Pneumocystis jirovecii Pneumonia-Induced Hypercalcemia
- AKI: Mechanisms - Case Reports
November 03, 2023 | Location: Exhibit Hall, Pennsylvania Convention Center
Abstract Time: 10:00 AM - 12:00 PM
Category: Acute Kidney Injury
- 103 AKI: Mechanisms
- Thomas, Dominik, University of Utah Health, Salt Lake City, Utah, United States
- Abraham, Josephine, University of Utah Health, Salt Lake City, Utah, United States
A growing number of case reports demonstrate the relationship between non-parathyroid mediated hypercalcemia preceding or occurring in conjunction with a diagnosis of Pneumocystis jirovecii pneumonia (PJP). Most cases described in literature occur in kidney transplant patients. We present a patient with heart transplant with nonspecific symptoms, acute kidney injury and hypercalcemia.
63 year old female with history of breast cancer status post chemoradiation with anthracycline induced cardiomyopathy requiring orthotopic heart transplant two years earlier presented with fever, chills, weight loss and fatigue for two months. She reported in addition a dry cough with increasing shortness of breath. She presented with a serum creatinine (SCr) of 5.23mg/dl, up from a baseline of 2.2 mg/dl. Creatinine improved to 4.1mg/dl after intravenous hydration. Admission urinalysis unremarkable. Renal US was with increased bilateral echogenicity. Serum Calcium was 12.9 mg/dl on admission with PTH of 7 pmg/ML (15-65 pmg/mL) and 1,25 Vitamin D of 87pg/mL. (19.9-79.3 pg/mL). CT chest demonstrated patchy ground glass opacities throughout the lungs. Infectious work up revealed Beta-D-Glucan >500. A bronchoscopy with BAL was performed and returned positive for PJP on PCR. She was started on atovaquone with improvement in symptoms. Cr trended down to baseline with resolution of hypercalcemia.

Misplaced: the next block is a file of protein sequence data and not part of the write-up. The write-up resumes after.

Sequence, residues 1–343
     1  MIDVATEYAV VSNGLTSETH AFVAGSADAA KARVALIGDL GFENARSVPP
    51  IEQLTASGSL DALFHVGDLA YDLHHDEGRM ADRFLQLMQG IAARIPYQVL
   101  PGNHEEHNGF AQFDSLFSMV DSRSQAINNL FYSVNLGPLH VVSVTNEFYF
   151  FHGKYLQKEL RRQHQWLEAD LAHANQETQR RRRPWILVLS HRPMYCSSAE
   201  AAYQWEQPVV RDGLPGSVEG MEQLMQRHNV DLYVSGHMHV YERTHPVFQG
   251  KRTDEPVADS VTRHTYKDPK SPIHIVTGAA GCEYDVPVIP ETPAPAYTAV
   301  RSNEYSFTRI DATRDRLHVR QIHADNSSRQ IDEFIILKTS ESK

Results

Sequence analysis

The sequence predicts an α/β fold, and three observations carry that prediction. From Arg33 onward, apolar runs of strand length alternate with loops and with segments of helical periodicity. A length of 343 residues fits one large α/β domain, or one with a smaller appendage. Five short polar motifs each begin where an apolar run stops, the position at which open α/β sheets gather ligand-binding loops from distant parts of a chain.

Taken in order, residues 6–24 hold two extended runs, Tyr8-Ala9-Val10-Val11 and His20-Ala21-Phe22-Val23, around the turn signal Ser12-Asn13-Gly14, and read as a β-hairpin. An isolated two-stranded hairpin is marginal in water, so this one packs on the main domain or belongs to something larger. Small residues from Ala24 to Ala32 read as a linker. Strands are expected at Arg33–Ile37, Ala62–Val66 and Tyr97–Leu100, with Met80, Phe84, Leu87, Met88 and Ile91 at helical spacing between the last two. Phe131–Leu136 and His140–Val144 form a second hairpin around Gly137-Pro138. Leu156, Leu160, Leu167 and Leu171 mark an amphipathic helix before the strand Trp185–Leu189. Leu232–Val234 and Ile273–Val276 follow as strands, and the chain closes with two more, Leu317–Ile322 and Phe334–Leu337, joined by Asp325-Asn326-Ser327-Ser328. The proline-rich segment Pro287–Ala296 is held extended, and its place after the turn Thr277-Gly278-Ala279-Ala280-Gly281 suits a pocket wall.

Hypercalcemia related to PJP is thought to be associated via 1α-hydroxylase enzyme-dependent mechanism causing extra-renal production of 1α-hydroxylase. Some reports of PJP revealed the presence of inflammatory granulomas rich in macrophages and monocytes that are capable of vitamin D activation and thereby inducing hypercalcemia. The majority of cases are described in kidney transplant recipients possibly suggesting a susceptibility in these patients for developing PJP-related hypercalcemia but PJP can occur with any solid organ transplant.